This strange place was first used to manufacture explosives in the very early 1800's and needed a transport infrastructure to move its highly unstable raw materials and finished products from place to place. Speed was not of the essence in this industry. They needed something that was as stable as possible and naturally fire resistant. They ended up constructing an in house canal system which eventually expanded to include 10 miles of navigation on two levels, featuring no less than four aqueducts, three of which were made of cast iron representing more than 10% of the total cast iron aqueduct stock in the entire country.

RGPF Powder Boat

I couldn't possibly do this place justice in a single blog post but a visit to Richard Thomas' encyclopedic website is to be recommended.

RBPF footbridge

This was clearly a dangerous place to work, with employees banned from crossing the unusual domed bridges for fear that sparks from their clogs would trigger an explosion. Of the four aqueducts built, two still remain - one with its base plate blasted out by a massive nitro glycerene explosion in 1940! Lets hope that this wasn't due to an over enthusiastic clog dancing munitions boatman....
Mind you, if you have a look at a photo of the boat captains they look like a pretty serious bunch to me - with just cause!

Tuesday 4 August 2009

National Memorial Arboretum, Alrewas

National Memorial Arboretum, Alrewas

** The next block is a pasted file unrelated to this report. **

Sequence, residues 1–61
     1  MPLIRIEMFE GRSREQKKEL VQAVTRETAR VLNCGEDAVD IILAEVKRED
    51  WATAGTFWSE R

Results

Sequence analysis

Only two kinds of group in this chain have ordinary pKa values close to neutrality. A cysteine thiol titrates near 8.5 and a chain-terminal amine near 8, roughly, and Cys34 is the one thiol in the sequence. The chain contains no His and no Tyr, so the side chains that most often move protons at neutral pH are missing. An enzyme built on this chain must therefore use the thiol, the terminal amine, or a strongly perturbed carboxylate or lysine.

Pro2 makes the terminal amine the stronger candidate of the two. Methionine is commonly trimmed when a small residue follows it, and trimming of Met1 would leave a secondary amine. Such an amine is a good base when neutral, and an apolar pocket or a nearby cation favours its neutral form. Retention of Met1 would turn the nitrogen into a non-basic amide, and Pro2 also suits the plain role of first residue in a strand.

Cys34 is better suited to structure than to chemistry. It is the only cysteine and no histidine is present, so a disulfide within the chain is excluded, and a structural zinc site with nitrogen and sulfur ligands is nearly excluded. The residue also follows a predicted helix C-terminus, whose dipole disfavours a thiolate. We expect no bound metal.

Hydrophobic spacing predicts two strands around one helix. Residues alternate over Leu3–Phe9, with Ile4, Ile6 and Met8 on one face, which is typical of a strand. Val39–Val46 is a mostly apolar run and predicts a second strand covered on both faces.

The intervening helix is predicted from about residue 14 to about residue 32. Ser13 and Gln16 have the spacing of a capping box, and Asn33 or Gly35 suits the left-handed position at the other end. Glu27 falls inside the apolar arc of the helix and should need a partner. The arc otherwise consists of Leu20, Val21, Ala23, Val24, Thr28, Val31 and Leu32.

Trent and Mersey Canal
31st July 2009

If you are passing through Alrewas on the Trent and Mersey Canal, or possibly travelling along the A38, and have a few hours to spare consider turning off and paying the National Memorial Arboretum a visit.

We didn't really know what to expect, possibly some sort of mini Arlington Cemetery aped from our cousins across the Atlantic.

What we found was something of a revelation. This is no cemetery, there are no bones or headstones and neither is this an exclusive military garden of remembrance. It is much more.

This huge site in the Trent valley is built on reclaimed gravel workings, leased by Lefarge Aggregates for 999 years on a peppercorn rent and sits amid an array of glittering lakes. The site is split into many gardens and areas, all planted with slowly maturing trees which form part of the National Forest initiative, many of which are dedicated to individuals or groups who have died in the course of serving their country.

But it was one non military garden that brought tears to my eyes within moments of entering its gate. It was the SANDS garden, dedicated to children who have lost their lives during or shortly after childbirth. Hundreds and hundreds of pebbles line the paths, each bearing the name of a child who never had an opportunity to see life in all its diversity. Each pebble lovingly painted or inscribed by mourning parents, grand patents or brothers and sisters, each laid down with care, each a small tribute to a life that never was. It's not an elaborate garden but it is a place of great peace and sadness, a place I will never forget.